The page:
- They have the code ready to target Linux-based devices and can simply recode for other similar devices.
- They are ready to use this capability as soon as there are visible targets with internet-facing security gaps.
From these two points, ransomware groups can find new Linux-based targets or tweak the threat they currently have at hand to target new platforms such as cloud infrastructures, prompting possible developments:
- Ransomware groups focus their sights on regular Linux servers
- Ransomware groups start targeting backup servers
- Ransomware groups start targeting other IoT Linux-based devices
With the increased use of Linux-based servers, the cloud, and — as another entry point — the internet of things (IoT), ransomware groups have realized an opportunity in attacks against these devices as endpoints. This is a potentially lucrative shift because:
- They are powerful enough to support highly functional capabilities.
- They are connected to the internet almost all the time.
- They host a plethora of valuable information, personal or otherwise.
- They are often vulnerable and unsupported.
In relation and as an example of this expansion, reports of attacks and abuse to network attached storage (NAS) devices are well-documented, but it would be underestimating threat groups to think they would stop there.
Evolution 2: Scale up through increased professionalism and automation
As RaaS groups gained more notoriety for the disruptions and losses they caused on organizations and users, some ransomware actors were giving interviews to the media. Unbeknownst to them, the interviewees’ RaaS infrastructure were already compromised and being monitored by security researchers as these ransomware actors talked to journalists.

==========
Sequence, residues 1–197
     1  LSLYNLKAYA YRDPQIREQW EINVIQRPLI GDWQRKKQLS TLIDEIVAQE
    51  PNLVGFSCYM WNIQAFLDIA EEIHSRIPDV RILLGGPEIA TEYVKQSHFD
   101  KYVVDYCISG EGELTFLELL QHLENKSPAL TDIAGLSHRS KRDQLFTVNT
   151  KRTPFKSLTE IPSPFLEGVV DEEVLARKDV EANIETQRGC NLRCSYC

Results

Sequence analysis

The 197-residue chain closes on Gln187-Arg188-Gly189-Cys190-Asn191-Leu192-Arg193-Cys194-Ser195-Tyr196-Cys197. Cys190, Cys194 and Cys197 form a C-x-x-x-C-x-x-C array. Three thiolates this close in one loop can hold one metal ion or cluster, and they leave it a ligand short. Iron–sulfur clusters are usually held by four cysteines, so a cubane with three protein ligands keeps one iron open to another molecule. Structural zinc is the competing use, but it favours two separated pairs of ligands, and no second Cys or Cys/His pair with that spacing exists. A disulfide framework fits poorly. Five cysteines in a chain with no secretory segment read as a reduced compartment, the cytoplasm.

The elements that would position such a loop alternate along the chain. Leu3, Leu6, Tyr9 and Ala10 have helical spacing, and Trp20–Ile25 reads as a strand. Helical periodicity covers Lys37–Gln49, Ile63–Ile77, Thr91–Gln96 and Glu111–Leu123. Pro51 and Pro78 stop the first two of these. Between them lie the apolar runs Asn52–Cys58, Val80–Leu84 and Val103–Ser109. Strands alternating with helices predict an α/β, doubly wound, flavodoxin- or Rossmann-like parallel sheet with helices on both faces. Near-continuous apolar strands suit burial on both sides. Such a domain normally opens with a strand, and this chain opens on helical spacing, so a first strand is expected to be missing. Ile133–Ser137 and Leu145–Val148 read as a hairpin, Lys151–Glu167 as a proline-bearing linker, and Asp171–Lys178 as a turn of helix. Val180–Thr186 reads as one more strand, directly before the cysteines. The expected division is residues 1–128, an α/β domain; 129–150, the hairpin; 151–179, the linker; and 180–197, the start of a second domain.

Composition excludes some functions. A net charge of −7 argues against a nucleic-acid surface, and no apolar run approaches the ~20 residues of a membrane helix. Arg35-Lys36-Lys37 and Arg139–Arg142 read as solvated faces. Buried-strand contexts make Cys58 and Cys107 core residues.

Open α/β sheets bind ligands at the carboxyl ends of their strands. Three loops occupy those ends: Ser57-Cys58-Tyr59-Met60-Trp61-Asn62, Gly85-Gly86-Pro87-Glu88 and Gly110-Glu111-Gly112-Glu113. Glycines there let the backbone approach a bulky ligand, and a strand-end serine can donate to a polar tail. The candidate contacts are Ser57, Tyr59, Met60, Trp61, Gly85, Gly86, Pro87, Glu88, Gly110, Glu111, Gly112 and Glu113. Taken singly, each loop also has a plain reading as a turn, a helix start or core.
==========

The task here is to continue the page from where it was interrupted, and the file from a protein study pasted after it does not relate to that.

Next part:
While many RaaS groups have websites on Tor-hidden servers, security researchers and law enforcement found the clear web IP addresses of these attacks. This could imply that any unencrypted data stored on those backend servers will become easy targets for law enforcement.
Contrary to these notorious players, other ransomware actors have better OpSec, do not engage with the media, minimize their interactions with victims, and do not have documented intrusions of their network. If these notorious ransomware actors follow the examples of their lesser-known colleagues and remain under the radar while working with an increased level of professionalism, this can increase the longevity of their RaaS programs.
In the same vein, automating ransomware attacks will not only lessen the risks but also enable gangs’ scalability. While tailored, manual attacks have higher likelihoods of succeeding, more manual work means more risks because of the higher number of people required for tasks. Aside from the risks of human errors being made to the criminal operations, there have also been instances when disgruntled cybercriminals have doxed other cybercriminals or leaked information about them on the internet.